Vectorization, dependencies and outer loop vectorization: if you can’t beat them, join them

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As I already mentioned in earlier posts, vectorization is the holy grail of software optimizations: if your hot loop is efficiently vectorized, it is pretty much running at fastest possible speed. So, it is definitely a goal worth pursuing, under two assumptions: (1) that your code has a hardware-friendly memory access pattern1 and (2) that there are no loop-carried dependencies2.

However, the world is not ideal and there are loops with dependencies that we want to run faster. The question is if they can benefit from vectorization? The answer is not simple and in this post I will try to answer it.

A short introduction to vectorization

In vectorization framework, instead of executing an instruction on a single piece of data, the CPU is executing an instruction on several pieces of data at once. We call this several pieces of data a vector of data. In modern architectures, vector typically has a fixed size: e.g. 8 floats or 4 doubles, etc.

To illustrate vectorization, have a look at the following loop:

for (int i = 0; i < n; i++) {
   c[i] = a[i] + b[i];
}

When written like this, a developer would expect the following pseudoassembly:

for (int i = 0; i < n; i++) {
   reg0 = load(a + i);
   reg1 = load(b + i);
   reg2 = reg0 + reg1;
   store(c + i, reg2);
}

This code loads two values from the memory belonging to arrays a and b and stores them to registers reg0 and reg1 (lines 2 and 3). It then adds those to values together (line 4) and stores it back to the memory (line 5).

Under vectorization framework, instead loading one by one piece of data, the compiler could utilize CPU vector instruction to process four by four pieces of data. Thus, the pseudoassembly could look like this:

for (int i = 0; i < n; i+=4) {
   reg0 = load<4>(a + i);
   reg1 = load<4>(b + i);
   reg2 = reg0 + reg1;
   store<4>(c + i, reg2);
}

The code loads 4 values at once and stores those four values to register reg0 (line 2). Similarly, it performs 4 addition (line 4) and stores 4 results back to the memory (line 5).

The problem with dependencies

Loop-carried dependencies make vectorization impossible. Take for example the following loop:

for (int i = 1; i < n; i++) {
    b[i] = b[i - 1] + a[i];
}

In this loop, there is a loop-carried dependency between values b[i] and b[i - 1]. To calculate the value for b[i], we need the value of b[i - 1] which was calculated in the previous iteration. And for b[i - 1] we need the value of b[i - 2]. What this mean is that this loop can only be run serially, from 0 to N.

This loop is impossible to vectorize. Remember that the vectorization loads 4 values simultaneously, so at the time the CPU loads the values b[i], b[i + 1], b[i + 2] and b[i + 3] needed to calculate b[i + 1], b[i + 2], b[i + 3] and b[i + 4], only value of b[i] is calculated and others are not. So the results would be incorrect.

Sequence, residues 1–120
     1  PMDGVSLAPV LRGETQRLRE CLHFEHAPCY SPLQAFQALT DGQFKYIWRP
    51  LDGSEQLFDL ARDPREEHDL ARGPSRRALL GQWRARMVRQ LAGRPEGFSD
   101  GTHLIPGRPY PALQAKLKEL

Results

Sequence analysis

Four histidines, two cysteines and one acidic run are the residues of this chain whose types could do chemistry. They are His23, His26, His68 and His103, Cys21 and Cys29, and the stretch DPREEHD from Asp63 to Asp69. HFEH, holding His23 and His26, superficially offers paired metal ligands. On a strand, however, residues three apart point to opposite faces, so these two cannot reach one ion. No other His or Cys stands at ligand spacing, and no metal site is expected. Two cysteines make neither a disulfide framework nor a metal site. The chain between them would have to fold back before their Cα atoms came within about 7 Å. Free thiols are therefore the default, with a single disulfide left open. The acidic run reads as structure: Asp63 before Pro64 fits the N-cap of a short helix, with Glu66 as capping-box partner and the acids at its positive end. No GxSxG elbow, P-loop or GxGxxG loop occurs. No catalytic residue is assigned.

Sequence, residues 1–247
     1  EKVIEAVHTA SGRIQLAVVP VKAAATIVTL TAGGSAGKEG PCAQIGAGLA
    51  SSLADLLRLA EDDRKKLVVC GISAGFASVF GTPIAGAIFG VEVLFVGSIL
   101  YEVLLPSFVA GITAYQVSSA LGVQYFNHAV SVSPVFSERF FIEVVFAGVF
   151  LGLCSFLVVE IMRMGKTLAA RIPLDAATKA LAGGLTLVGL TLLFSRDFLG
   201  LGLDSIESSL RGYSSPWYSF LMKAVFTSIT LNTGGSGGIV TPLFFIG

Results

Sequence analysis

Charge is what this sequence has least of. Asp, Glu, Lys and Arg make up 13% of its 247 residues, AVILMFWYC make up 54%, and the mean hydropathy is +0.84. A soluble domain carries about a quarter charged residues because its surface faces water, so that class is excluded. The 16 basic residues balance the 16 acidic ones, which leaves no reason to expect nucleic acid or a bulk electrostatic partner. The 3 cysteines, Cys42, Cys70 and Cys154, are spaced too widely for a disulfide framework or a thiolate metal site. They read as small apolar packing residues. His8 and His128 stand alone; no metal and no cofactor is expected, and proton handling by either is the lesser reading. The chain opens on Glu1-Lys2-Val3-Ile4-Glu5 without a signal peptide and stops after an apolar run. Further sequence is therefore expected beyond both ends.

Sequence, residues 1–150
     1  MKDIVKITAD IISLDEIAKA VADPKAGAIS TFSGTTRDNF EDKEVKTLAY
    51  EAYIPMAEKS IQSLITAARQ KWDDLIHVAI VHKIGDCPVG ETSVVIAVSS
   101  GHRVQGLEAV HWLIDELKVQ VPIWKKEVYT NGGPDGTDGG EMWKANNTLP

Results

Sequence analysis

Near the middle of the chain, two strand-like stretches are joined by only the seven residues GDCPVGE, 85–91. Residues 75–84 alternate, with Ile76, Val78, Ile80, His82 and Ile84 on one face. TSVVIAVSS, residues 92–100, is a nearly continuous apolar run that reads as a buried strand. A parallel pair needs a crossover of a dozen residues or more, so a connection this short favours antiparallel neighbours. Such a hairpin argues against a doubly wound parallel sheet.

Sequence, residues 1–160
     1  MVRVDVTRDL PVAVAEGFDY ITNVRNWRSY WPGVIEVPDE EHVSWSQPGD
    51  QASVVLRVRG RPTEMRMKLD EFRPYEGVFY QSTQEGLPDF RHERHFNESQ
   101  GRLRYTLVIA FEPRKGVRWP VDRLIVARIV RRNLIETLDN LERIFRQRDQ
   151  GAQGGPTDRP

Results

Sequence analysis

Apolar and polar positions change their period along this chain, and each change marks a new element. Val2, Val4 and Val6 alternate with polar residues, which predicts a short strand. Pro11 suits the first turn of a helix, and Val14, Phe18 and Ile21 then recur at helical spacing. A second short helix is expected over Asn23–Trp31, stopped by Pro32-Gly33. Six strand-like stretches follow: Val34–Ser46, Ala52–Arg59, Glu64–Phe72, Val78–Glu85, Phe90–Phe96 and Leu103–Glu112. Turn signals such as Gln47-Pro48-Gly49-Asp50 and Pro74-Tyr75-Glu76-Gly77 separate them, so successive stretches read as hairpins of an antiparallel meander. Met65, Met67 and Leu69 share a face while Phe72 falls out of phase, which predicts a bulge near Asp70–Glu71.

In this example, vectorization is impossible and there is nothing we can do about it. However, there are many cases of loop-carried dependencies where vectorization is possible, as you will see in this post.

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Difficulty easy: loop without loop-carried dependecies

Let’s investigate again the loop which adds together two matrices:

for (int i = 0; i < n; i++) {
   for (int j = 0; j < n; j++) {
       c[i][j] = a[i][j] + b[i][j];
   }
}

Loop-carried dependencies are typically represented using dependency graphs, which in our case can look like this:

Dependency graph for two nested loops without loop-carried dependencies

A dependency graph represents how iterations of the loop depend on one another. Each iteration is represented with a ball. In this case, there are two iterator values i and j, and each iteration is represented with two indexes, e.g. [2, 3] corresponds to i = 2 and j = 3.

The dependencies are represented with arrows going from one ball to another. In this case, there are no dependencies and thus there are no arrows. In later examples you will see graphs with dependencies.

Because of the way we wrote the loop, the iterations will get executed in this order: [0, 0], [0, 1], [0, 2], …, [0,7], [1, 0], [1, 1], etc. But since the loop iterations are completely independent, it can get executed in any order, e.g. [0,5], [1, 6], [3, 8], etc.

The compiler can automatically vectorize this loop, and execute it row-by-row. The compiler picks row-by-row execution because of the way the loop is written. Running through a matrix row-by-row is also the most efficient for the memory subsystem. If the CPU executes four iterations simultaneously, the order of execution will look like this:

How is the loop actually executed

This code is efficiently vectorizable since all architectures support loading and storing consecutive memory addresses. Also, compilers are good at automatically vectorizing such code.